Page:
Eight militants were killed in a gunbattle after a suicide car bombing on Wednesday at the entrance to an airport outside the eastern Afghan city of Jalalabad, airport authorities said.
After the car bombing, a group of militants, using light weapons and rocket-propelled grenades, battled international forces for 30 minutes, according to information provided by the media office at the airport.
The Taliban claimed responsibility. In a text message to The Associated Press in Kabul, Taliban spokesman Zabiullah Mujahid said six suicide attackers killed 32 foreign and Afghan security forces at the airport, about 125 kilometers (78 miles) east of the Afghan capital.
The militant group frequently exaggerates its claims. Ghafor Khan, a spokesman for the provincial police chief in Nangarhar province, said that during the fighting, international forces blocked access to the area and helicopters patrolled overhead. The airport is situated on a main road on the outskirts of the city that leads to the Pakistani border.
NATO said there had been an incident at the airport, but said it could not immediately provide details.
Elsewhere in the east, US and Afghan forces battled hundreds of militants from an al-Qaida-linked group for a third day on Tuesday in Kunar province, the US military said. Two US soldiers were killed on Sunday in the first day of the operation.
The attack in Kunar was directed against insurgents believed responsible for the roadside bombing that killed five American service members in the area on June 7, a US statement said. The militants were believed to be members of the Haqqani group, a faction of the Taliban based in Pakistan that has close ties to al-Qaida. About 600 US and Afghan troops are taking part in the operation, the US statement said.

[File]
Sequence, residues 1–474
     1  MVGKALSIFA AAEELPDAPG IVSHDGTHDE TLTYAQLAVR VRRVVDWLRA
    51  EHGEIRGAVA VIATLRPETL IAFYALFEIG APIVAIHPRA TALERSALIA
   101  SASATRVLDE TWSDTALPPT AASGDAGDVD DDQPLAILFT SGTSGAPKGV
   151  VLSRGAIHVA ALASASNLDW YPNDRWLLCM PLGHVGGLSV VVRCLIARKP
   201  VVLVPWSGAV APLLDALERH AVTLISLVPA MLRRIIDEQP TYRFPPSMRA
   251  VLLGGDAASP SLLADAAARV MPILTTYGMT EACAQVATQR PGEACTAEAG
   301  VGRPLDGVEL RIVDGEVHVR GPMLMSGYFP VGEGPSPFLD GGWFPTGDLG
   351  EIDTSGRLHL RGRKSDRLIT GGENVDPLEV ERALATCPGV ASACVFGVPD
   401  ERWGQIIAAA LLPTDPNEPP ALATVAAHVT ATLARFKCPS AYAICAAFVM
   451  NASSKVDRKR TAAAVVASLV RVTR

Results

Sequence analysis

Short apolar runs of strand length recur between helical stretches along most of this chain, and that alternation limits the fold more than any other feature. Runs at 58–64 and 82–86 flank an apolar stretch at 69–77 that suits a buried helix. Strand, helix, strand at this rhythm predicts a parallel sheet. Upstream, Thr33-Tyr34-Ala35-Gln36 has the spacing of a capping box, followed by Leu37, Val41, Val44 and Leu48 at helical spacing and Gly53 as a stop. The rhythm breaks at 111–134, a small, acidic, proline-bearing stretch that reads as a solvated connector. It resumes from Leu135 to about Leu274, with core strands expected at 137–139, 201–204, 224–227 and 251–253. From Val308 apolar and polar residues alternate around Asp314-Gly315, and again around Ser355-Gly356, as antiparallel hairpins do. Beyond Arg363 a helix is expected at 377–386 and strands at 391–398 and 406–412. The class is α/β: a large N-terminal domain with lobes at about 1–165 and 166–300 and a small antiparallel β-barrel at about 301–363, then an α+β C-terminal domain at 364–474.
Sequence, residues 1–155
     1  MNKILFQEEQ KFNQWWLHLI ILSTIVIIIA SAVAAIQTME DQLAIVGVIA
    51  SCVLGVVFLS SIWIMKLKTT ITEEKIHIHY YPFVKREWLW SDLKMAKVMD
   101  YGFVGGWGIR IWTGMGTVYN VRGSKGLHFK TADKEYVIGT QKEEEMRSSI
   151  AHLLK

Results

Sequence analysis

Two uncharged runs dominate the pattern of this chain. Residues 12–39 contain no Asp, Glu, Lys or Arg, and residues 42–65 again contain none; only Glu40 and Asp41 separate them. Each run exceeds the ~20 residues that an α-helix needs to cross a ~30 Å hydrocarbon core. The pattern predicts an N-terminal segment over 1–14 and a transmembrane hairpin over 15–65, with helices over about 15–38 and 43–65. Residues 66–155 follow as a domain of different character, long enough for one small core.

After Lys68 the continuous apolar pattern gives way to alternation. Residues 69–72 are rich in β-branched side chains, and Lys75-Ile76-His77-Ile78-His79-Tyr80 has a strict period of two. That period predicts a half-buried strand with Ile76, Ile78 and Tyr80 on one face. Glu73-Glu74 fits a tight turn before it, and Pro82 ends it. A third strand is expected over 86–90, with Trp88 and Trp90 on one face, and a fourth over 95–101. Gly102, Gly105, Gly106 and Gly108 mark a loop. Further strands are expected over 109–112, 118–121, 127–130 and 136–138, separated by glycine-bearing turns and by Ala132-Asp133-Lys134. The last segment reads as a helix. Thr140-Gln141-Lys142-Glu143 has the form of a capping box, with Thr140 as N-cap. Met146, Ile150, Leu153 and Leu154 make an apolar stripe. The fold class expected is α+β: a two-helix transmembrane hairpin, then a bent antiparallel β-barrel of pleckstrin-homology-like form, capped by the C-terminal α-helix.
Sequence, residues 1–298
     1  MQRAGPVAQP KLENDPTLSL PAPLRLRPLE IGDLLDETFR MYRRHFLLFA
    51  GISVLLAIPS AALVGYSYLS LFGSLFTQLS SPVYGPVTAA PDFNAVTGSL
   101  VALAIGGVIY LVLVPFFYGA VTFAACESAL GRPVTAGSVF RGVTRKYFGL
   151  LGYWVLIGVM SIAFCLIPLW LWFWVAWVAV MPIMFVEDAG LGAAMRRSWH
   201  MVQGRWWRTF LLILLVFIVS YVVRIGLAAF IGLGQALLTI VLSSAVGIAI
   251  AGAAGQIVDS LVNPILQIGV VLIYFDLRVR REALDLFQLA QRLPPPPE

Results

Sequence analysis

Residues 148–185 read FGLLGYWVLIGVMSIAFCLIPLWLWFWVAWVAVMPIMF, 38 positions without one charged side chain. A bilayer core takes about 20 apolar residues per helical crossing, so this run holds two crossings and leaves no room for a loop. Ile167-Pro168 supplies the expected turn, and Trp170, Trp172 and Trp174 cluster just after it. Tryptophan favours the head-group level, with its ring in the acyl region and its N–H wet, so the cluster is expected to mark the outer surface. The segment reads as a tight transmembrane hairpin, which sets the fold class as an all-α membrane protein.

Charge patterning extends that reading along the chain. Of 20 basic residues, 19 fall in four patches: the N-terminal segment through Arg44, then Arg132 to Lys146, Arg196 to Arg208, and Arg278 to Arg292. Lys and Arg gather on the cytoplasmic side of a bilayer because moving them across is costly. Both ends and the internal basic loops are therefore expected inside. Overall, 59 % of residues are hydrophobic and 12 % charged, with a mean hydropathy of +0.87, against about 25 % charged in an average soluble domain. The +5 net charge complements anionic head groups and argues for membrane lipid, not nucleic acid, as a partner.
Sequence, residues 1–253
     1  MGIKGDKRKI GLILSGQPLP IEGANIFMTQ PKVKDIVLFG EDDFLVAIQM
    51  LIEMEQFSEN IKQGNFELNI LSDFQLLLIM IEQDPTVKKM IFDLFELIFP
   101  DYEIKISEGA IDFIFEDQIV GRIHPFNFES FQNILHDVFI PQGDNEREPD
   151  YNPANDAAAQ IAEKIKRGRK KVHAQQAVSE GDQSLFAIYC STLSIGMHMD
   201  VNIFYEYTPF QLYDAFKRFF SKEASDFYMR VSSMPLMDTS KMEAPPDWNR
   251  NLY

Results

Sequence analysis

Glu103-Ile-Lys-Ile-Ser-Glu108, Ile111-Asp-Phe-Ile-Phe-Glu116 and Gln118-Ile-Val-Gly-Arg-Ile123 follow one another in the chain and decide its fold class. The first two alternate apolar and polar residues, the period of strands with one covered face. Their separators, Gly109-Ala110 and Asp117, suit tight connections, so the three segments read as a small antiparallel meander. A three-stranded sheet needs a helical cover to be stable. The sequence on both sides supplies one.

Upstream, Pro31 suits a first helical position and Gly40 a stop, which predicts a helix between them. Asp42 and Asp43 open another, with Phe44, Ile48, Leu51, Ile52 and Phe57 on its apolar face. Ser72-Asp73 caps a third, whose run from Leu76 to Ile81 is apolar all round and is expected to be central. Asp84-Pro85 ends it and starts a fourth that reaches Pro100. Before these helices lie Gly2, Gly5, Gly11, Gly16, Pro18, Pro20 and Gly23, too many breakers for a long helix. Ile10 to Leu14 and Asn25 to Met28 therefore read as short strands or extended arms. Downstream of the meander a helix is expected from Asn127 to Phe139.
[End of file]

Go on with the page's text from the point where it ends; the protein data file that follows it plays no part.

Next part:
On Tuesday in Kabul, an Afghan man working for the United Nations was shot and killed in his vehicle near a busy traffic circle. The Afghan UN employee who died was driving a white pickup truck with the blue UN logo painted on the side. Another Afghan member of the UN staff, who was in the vehicle, was not wounded, the UN said.
The morning shooting occurred amid heavy traffic near Massoud circle, an intersection near the US Embassy and an American military base. Two windows on the truck were shattered and blood was spattered inside the car.
"The circumstances of the shooting are not yet clear," a statement released by the UN Assistance Mission in Afghanistan said. "United Nations security teams are working with Afghan security institutions to assist investigations." UN officials extended condolences to the victim, who has not been identified.
"The United Nations condemns violence against any of its personnel under any circumstances," the UN statement said. "Those responsible for this killing should be brought to justice without delay."
Mirajudin, who was at the scene of the shooting moments after it happened, said he and the passenger helped pull the driver out. "I saw that the driver was shot in his eye," said Mirajudin, who still had blood smeared on his arms. "He was bleeding from the eye and from the nose. I helped him, and we put him in an ambulance."